Chronic Pain — 22 September 2013

By Pat Anson, Editor

The prescribing of opioid painkillers by doctors in the United States has nearly doubled over the past decade, according to a large new study that also found the use of safer alternatives for pain treatment was flat or declining.

Researchers at the Johns Hopkins Bloomberg School of Public Health analyzed a nationwide database of outpatient visits to doctors’ offices from 2000 to 2010. About 20% of the visits involved a primary diagnosis of pain.

“The overall prevalence of patient-reported pain has not changed during the past decade, although providers’ diagnoses of pain as a primary complaint nearly doubled,” said G. Caleb Alexander, MD, co-director of the Johns Hopkins Center for Drug Safety and Effectiveness.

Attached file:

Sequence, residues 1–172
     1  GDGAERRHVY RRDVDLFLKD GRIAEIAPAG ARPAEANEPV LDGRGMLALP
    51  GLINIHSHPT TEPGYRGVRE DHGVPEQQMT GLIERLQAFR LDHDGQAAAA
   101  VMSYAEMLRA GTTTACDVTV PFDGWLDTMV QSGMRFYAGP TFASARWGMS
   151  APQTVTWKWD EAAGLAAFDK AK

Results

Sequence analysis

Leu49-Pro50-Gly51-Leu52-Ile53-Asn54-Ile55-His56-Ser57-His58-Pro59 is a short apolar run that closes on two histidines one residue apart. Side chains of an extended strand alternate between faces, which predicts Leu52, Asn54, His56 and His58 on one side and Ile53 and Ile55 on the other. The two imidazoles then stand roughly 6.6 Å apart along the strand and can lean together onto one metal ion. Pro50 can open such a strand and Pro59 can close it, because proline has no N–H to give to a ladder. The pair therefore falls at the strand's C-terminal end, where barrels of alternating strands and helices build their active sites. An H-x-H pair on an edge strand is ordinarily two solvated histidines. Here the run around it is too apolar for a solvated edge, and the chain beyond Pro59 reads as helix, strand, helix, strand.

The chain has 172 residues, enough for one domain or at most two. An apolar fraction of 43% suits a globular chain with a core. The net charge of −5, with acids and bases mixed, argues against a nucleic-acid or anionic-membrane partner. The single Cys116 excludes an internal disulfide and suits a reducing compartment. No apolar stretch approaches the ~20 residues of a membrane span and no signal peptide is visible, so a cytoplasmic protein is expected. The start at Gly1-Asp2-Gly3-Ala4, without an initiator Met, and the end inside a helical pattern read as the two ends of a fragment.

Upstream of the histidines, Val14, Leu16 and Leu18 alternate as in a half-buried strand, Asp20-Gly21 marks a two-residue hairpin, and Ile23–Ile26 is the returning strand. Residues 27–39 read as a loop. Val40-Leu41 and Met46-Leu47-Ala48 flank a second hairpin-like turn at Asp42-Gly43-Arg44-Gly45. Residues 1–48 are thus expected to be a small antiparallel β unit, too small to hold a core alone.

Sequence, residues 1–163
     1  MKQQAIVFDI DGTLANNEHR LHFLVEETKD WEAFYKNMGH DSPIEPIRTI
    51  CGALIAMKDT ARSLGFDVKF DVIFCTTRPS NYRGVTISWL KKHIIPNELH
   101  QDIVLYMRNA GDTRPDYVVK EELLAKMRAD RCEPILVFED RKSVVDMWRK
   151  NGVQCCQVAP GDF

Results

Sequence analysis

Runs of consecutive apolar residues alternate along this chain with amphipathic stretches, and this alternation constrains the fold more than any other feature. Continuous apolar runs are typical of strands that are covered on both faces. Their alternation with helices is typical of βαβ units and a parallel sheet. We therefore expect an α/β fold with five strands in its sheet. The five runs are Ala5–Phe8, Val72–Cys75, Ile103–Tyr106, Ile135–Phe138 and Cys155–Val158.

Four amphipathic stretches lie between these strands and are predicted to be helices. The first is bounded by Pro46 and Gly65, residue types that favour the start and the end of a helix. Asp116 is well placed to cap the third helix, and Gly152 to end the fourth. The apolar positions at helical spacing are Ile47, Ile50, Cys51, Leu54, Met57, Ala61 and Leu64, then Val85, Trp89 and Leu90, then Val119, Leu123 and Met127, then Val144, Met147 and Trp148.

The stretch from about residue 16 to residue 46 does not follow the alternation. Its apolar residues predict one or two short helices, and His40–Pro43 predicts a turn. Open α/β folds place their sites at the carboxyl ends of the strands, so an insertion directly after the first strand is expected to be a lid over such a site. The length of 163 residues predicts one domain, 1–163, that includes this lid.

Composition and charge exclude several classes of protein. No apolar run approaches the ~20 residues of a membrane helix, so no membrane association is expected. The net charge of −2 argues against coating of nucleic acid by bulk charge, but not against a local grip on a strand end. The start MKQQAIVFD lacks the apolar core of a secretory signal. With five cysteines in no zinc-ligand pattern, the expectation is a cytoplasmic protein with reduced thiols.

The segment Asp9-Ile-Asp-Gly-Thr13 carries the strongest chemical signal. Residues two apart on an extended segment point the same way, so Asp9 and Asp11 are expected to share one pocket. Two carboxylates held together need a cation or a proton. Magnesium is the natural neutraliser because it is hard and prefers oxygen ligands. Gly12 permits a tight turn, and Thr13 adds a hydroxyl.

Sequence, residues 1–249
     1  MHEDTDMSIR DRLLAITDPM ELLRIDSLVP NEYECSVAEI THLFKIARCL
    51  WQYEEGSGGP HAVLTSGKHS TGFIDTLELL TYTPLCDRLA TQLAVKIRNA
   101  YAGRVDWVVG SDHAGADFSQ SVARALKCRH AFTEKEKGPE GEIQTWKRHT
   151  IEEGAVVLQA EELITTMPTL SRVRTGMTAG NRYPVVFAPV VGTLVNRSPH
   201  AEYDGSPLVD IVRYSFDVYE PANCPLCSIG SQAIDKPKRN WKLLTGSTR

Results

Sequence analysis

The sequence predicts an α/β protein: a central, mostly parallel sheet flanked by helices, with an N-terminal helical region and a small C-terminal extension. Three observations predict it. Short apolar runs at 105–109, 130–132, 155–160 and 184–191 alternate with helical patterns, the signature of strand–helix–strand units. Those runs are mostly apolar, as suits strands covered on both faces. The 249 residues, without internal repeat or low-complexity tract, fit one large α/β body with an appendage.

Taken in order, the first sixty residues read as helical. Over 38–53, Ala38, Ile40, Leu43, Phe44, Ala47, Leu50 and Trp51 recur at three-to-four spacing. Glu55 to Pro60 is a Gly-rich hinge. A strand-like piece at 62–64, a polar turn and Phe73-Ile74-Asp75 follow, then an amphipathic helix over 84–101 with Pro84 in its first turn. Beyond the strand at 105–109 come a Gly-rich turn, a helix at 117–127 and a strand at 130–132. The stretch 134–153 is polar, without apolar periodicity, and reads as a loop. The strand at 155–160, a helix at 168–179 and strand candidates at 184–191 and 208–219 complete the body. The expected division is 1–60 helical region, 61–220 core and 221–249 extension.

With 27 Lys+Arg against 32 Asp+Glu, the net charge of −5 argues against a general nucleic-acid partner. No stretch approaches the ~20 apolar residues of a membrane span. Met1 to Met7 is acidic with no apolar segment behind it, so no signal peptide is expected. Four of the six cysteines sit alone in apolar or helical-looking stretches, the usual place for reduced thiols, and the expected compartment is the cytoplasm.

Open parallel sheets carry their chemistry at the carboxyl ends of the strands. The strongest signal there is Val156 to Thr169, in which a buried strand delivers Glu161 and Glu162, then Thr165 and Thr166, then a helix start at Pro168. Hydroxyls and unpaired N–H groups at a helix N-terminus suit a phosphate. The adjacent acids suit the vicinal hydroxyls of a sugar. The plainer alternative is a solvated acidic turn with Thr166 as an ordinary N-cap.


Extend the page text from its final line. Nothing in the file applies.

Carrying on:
“Despite greater recognition of pain by providers and a remarkable increase in opioid prescribing, there was no commensurate increase in the prescribing of non-opioid therapies. This is particularly important because of the variety of alternative pharmacologic treatments available to treat nonmalignant pain.”

Read more at National Pain Report.


About Author

Pat Anson, Editor

Pat is Editor in Chief of American News Report. He is a veteran journalist and a former correspondent and producer for HealthWeek (PBS), Nightly Business Report (PBS) and other nationally syndicated shows. Pat has won numerous journalism awards, including a Golden Mike award for investigative reporting.

(0) Readers Comments

Comments are closed.